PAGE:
For men shall be lovers of their own selves. (2 Timothy 3:2)

Take a close look at what Robert Schuller says below and see if you don’t recognize the root of the semi-pelagian doctrine of demons in the love of the self which is at the very corrupt heart of postevangelicalism and Emergent Church rebellion against Sola Scriptura. For within you’ll see the essential flaw in the type of Christianity taught by men such as Rick Warren and Brian McLaren and Rob Bell and Erwin Raphael McManus and Joel Osteen:

If only we could love ourselves enough to dare to approach God, what constructive dreams he would give us! What noble possibilities God wants to reveal to us–possibilities that would offer stimulation plus real security in service. But we feel too unworthy. So one layer of negative behavior is laid upon another until we emerge as rebellious sinners. But our rebellion is a reaction, not our nature. By nature we are fearful, not bad.

Original sin is not a mean streak; it is a nontrusting inclination. The core of original sin, then is LOT–Lack of Trust. Or, it could be considered an innate inability to adequately value ourselves. Label it a “negative self-image,” but do not say that the central core of the human soul is wickedness. If this were so, then truly, the human being is totally depraved. But positive Christianity does not hold to human depravity, but to human inability. I am humanly unable to correct my negative self-image until I encounter a life-changing experience with nonjudgmental love bestowed upon me by a Person whom I admire so much that to be unconditionally accepted by him is to be born again.
(Self-Esteem: The New Reformation, 66,67, emphasis mine)

And Thomas Merton, mystic priest of apostate Roman Catholicism, preached it before Schueller:

Then it was as if I suddenly saw the secret beauty of their hearts, the depths of their hearts where neither sin nor desire nor self-knowledge can reach, the core of their reality, the person that each one is in God’s eyes. If only they could see themselves as they really are. If only we could see each other that way all the time. There would be no more war, no more hatred, no more cruelty, no more greed….I suppose the big problem would be that we would fall down and worship each other. But this cannot be seen, only believed and “understood” by a peculiar gift.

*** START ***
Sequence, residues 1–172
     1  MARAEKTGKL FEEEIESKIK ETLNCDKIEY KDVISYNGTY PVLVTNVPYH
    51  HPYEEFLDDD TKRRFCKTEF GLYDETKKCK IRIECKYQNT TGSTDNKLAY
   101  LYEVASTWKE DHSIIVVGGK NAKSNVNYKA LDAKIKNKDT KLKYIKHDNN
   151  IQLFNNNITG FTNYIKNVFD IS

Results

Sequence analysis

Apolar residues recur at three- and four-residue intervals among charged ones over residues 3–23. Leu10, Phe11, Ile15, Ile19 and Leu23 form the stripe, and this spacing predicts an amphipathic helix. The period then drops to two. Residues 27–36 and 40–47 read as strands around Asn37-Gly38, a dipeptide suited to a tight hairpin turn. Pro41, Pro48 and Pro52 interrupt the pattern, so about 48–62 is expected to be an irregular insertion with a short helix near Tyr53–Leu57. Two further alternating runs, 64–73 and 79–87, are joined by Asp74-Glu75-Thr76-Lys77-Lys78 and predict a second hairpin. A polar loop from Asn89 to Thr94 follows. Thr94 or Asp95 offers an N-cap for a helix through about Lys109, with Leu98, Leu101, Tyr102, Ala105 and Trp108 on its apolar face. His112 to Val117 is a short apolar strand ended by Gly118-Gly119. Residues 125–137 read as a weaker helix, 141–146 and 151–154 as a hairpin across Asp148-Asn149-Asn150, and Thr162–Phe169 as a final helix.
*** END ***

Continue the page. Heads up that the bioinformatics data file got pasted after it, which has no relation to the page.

Again, that expression, le point vierge, (I cannot translate it) comes in here. At the center of our being is a point of nothingness which is untouched by sin and by illusion, a point of pure truth, a point or spark which belongs entirely to God, which is never at our disposal, from which God disposes of our lives, which is inaccessible to the fantasies of our mind or the brutalities of our own will. This little point of nothingness and of absolute poverty is the pure glory of God in us. It is so to speak His name written is us, as our poverty, as our indigence, as our dependence, as our sonship. It is like a pure diamond, blazing with the invisible light of heaven. It is in everybody, and if we could see it we would see these billion points of light coming together in the face and blaze of a sun that would all the darkness and cruelty of life vanish completely….I have no program for this seeing. It is only given. But the gate of heaven is everywhere.
(Conjectures Of A Guilty Bystander, 158).

But of mankind God has already told us — All of us also lived among them at one time, gratifying the cravings of our sinful nature and following its desires and thoughts. Like the rest, we were by nature objects of wrath (Ephesians 2:3).